How to Count the Coils on a Compression Spring

Springs are essential to life. In fact everything on the planet acts like a spring, which follow Hooke’s law (F = k *x) . When force is applied to an object, it will deflect. If more force is applied, it will deflect more.

Count the total coils of the spring starting at one end and move toward the other end. This number does not have to be an integer. For an Open spring, this is the number of active coils. For a Open and Ground spring, subtract 1. For Closed or Closed and Ground, subtract 2 to get the active coils.

Counting the number of coils on a compression spring can be tricky.  There are two variables that specify the number of coils.  The value Na is the number of active coils and Nt is the total number of coils.  Only in the case of an open spring is Na equal to Nt.

Counting the coils in compression springs are tricky because not all of the coils count. First of all, you cannot count any coils where the coils are closed or touching.  These are inactive coils which don’t allow the spring to be a spring.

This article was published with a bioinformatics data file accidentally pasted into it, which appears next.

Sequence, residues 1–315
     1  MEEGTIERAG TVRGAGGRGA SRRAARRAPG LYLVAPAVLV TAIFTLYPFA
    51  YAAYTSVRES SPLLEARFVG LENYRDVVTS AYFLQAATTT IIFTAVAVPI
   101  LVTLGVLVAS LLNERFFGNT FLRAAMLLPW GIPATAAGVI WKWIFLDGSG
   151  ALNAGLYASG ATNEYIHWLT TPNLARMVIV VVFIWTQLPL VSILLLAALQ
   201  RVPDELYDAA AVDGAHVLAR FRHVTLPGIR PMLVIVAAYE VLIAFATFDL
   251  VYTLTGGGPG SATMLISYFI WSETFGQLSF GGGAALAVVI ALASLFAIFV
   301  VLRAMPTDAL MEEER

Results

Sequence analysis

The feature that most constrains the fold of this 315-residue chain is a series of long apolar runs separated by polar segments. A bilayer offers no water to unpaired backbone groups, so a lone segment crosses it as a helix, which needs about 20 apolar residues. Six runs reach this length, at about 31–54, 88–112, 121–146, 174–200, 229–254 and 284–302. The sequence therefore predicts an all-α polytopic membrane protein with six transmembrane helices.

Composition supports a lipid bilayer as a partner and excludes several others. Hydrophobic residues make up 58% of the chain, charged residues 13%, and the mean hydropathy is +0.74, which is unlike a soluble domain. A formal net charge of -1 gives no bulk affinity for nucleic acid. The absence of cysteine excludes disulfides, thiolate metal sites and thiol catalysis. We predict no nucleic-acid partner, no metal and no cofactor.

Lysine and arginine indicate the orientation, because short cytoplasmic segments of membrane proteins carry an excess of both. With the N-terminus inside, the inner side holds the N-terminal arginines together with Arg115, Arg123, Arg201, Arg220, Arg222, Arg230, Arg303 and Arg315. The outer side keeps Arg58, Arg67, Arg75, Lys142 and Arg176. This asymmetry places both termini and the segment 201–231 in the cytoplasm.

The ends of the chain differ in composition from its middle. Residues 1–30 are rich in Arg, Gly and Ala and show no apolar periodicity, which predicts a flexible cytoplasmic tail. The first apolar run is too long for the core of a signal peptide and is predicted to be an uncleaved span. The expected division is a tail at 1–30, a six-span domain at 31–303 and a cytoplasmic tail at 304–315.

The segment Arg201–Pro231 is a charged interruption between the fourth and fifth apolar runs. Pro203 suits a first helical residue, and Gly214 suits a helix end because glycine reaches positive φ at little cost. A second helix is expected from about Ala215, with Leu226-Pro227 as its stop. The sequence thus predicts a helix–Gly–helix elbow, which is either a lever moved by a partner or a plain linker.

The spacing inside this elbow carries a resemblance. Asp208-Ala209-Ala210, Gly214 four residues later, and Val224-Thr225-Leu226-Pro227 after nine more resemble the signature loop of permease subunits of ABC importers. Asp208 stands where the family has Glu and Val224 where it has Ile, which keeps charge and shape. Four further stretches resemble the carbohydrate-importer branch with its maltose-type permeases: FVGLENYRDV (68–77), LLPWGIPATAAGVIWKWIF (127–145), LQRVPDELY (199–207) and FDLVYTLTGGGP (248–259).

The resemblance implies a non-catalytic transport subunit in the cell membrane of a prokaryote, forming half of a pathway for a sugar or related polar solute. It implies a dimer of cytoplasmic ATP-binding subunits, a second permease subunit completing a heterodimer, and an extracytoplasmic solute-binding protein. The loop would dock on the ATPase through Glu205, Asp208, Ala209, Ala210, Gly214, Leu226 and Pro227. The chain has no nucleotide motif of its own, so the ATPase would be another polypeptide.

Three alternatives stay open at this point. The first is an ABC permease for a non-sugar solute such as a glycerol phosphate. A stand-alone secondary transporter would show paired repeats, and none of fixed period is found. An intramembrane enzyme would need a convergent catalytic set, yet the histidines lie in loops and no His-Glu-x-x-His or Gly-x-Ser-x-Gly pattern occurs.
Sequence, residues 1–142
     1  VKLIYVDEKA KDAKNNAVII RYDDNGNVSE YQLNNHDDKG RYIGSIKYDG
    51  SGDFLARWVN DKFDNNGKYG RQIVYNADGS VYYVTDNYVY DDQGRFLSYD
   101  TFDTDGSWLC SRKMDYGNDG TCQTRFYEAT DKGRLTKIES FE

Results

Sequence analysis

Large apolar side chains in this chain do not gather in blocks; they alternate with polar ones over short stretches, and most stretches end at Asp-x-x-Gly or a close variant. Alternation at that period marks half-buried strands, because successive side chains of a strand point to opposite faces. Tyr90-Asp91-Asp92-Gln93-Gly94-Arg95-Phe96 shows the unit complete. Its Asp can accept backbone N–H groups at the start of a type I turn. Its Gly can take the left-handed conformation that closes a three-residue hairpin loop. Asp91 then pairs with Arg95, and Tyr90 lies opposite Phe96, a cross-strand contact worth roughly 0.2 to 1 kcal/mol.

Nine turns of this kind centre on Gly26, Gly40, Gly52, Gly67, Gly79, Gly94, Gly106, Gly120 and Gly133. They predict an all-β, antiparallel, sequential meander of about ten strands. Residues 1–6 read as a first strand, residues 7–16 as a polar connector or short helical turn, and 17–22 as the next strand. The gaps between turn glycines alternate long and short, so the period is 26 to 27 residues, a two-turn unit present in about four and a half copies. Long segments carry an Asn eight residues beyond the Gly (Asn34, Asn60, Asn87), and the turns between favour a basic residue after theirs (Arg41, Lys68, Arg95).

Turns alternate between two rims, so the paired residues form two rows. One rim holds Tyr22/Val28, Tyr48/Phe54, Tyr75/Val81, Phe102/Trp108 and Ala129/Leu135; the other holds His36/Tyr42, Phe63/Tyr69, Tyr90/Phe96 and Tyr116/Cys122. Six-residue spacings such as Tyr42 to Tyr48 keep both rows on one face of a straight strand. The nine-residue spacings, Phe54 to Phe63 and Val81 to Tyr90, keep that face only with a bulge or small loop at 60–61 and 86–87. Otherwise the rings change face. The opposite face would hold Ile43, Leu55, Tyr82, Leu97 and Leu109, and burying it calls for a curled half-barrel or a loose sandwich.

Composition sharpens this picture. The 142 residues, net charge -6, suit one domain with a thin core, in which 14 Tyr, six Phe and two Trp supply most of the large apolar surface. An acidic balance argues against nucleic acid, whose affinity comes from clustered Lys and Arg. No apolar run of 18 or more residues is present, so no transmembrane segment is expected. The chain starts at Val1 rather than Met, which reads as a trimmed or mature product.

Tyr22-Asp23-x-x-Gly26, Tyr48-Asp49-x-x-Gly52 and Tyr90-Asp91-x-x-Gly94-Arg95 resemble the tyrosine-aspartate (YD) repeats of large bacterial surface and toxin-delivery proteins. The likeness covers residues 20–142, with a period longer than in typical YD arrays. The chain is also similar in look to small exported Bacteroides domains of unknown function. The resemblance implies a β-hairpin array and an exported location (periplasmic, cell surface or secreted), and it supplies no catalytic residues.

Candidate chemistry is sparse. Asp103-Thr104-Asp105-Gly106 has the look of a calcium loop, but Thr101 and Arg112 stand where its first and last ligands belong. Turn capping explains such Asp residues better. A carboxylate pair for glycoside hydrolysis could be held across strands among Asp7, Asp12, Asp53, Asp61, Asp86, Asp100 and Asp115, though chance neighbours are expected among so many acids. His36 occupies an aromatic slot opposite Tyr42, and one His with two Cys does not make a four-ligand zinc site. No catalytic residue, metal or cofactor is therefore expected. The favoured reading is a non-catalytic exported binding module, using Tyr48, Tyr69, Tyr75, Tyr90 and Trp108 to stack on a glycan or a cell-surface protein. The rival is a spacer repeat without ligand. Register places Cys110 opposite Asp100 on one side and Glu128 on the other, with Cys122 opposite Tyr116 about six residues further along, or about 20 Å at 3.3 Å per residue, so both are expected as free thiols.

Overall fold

The image below has common compression spring end types. The most common spring type is closed and ground which allow for stacking and even load distribution. The disadvantage is they take up more space.

Start counting each coil from one end to the other, starting where the section first opens.  (Indicated in image above) For an open end spring, this is the first coil.  Keep counting until you get to the other end of the spring.  Generally speaking, coils are counted as full turns, but half and quarter turns are also widely used.  Many spring manufacturers will allow two digits of precision on the number of coils.  For torsion springs, like clothes pins, you will specify the end condition in degrees.   

In the examples shown, each spring has 6 coils even though the closed end spring has 8 total coils.  The table below shows the relationship between active coils, total coils, the solid height and the pitch of each spring type. 

Note: It is customary to allow a 3% tolerance on the solid height of the spring to account for the end conditions, wire diameter tolerance and helical wind waviness.

Corey Rasmussen

Corey Rasmussen is an award-winning professional engineer (NC and TX) with over 20 years of product design and development experience. He has two patents related to aerial lifts machinery, has advanced certifications in hydraulics and electronic controls, and specializes in designing mobile equipment. Corey is the principal engineer of Rasmussen Designs and is based out of Durham, NC.

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